About five years ago, the City of Federal Way made a surprising discovery.
While this South Sound city had an impressive high-school graduation rate compared to others in the area, the number of residents 25 and older holding bachelor’s degrees was comparatively low. (The United States Census Bureau puts the number at just 27 percent.)
After planning how to address this discrepancy, a new state-funded resource has arrived in Federal Way to bolster the pursuit of higher education. Born of a partnership between Federal Way Public Schools, the University of Washington Tacoma, the City of Federal Way, and Highline College — a collaboration ultimately seeking to build something of an interconnected pipeline to help strengthen the local workforce — The Hub: Federal Way Higher Education Center looks to support post-secondary and adult education in the area.
“We have always seen Federal Way as a valuable partner in our mission to expand access to higher education,” UW Tacoma Chancellor Mark Pagano said in a recent statement. “That access should not be constrained by municipal boundaries or traffic congestion. The South Sound is emerging as the next hot spot of economic prosperity in the Puget Sound region.”
Though its doors have been open since late-September, with its focus trained on Highline support services, one might say the Hub’s official launch will take place in early January. That’s when the center will start offering for-credit coursework through Highline College, as well as professional development courses through the UW Tacoma Professional Development Center.
Later, the Hub plans to provide short-term certificate classes in early childhood education, English-language learning and adult education courses, expanded professional development and certificate coursework opportunities, and health care and computer science, according to its website.
“I have been really pleased with how it’s looking and can definitely see the potential the facility has to offer,” Hub program manager Tammy Hauge told South Sound Business in November. The Hub — perched discreetly off Pacific Highway South — is nondescript: a 7,300-square-foot, one-story building outfitted with a computer lab, two classrooms, office space, and more.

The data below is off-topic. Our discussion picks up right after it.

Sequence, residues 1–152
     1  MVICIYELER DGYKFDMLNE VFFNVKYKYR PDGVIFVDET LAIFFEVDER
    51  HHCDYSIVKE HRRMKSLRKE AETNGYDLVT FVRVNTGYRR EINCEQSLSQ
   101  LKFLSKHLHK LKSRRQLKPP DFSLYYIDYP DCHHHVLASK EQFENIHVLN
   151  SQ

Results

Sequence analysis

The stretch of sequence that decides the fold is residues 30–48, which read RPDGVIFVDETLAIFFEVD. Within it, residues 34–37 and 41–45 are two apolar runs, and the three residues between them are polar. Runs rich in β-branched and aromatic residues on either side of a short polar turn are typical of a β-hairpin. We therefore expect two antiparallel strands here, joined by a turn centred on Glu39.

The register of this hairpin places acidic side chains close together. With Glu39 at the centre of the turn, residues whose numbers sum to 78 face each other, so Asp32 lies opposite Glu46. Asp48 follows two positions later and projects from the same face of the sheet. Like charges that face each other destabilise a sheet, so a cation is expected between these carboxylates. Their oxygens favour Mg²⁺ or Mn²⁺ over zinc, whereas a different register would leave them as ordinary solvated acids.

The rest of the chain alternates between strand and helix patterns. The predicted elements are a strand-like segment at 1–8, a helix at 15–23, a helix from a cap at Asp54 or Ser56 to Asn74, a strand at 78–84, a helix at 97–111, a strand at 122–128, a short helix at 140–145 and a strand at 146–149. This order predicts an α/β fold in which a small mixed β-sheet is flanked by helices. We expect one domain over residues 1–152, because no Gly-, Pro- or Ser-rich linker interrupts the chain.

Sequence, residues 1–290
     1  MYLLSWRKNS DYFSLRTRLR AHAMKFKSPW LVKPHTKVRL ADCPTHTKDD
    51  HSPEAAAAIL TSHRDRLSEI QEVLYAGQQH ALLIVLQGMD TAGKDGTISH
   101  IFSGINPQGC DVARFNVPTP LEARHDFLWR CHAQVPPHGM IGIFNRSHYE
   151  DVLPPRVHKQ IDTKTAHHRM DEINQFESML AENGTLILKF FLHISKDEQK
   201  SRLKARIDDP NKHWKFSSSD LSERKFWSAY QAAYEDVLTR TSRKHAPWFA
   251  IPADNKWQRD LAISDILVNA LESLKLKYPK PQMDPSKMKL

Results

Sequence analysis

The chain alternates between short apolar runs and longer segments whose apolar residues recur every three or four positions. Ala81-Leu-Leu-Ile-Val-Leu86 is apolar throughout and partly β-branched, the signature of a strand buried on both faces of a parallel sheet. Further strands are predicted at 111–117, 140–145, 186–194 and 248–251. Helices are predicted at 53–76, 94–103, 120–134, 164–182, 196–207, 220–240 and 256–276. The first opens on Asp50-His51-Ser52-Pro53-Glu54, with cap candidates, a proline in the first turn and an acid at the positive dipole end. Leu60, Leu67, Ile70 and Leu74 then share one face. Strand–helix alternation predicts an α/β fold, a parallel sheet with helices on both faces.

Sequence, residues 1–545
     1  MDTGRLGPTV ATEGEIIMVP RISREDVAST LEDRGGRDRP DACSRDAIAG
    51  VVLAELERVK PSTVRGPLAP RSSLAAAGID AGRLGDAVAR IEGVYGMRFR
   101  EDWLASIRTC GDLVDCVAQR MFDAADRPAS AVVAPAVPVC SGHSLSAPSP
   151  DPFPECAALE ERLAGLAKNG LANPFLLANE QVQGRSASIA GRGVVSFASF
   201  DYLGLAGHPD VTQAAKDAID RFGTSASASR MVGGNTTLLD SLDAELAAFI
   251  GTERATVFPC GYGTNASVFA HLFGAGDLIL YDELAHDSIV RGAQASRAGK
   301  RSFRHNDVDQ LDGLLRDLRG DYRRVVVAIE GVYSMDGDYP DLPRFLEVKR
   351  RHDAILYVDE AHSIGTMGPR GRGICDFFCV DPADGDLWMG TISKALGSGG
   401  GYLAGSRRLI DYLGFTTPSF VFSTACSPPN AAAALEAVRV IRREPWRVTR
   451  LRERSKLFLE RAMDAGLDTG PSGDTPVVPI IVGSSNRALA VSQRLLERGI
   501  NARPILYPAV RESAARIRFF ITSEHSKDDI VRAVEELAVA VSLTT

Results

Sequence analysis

Hauge said there’s some intentionality to the resource’s scale, which potentially lends some approachability for folks who have internalized the elitist “ivory tower” mentality that might have factored into dissuading them from pursuing higher education.
“We would like to kind of turn that on its head and say, ‘That’s not accurate,’” Hauge said of the Hub. “Anybody can do higher education, and it’s something everybody deserves. And so being a smaller facility, we are a little less overwhelming, a little less formal. So in that sense, more welcoming to folks that are looking to kind of dip their toe in the waters and learn what higher education has to offer and how that process works.”
The classes that will start being offered this month — with English, communication, statistics, and public speaking making up the for-credit options and project management for professional development — are in part being made available initially as a means to gauge where community interests most lie. (Tuition costs and fees are contingent on which Hub partner is offering a given course, and which program is being pursued.)
“We want to grow the types of students that we’re seeing, but we’re trying to cast a somewhat wide net as we get to know students and see what they’re really needing — hopefully, that will appeal to a wide array of students,” Hauge said, noting that part of the Hub’s evolution will involve refining where student needs are most seen and homing in on those areas.
When looking toward the Hub’s future, Hauge hopes that the center will be a facility helping close the gap for local residents wanting to complete higher education certificates and degrees, no matter where they are in their lives.
“We know that one of the main challenges is that students often are missing those wraparound supports around their academic centers,” Hauge said. “(I want students to) really see us as a resource, not only for providing actual classes, but that they will see the staff here as folks that will support them with all those other pieces that are necessary to be successful in educational journeys.” The Hub’s ultimate goal, Hauge added, “is to just be a holistic site, and to be able to be responsive to what the community’s needs are.”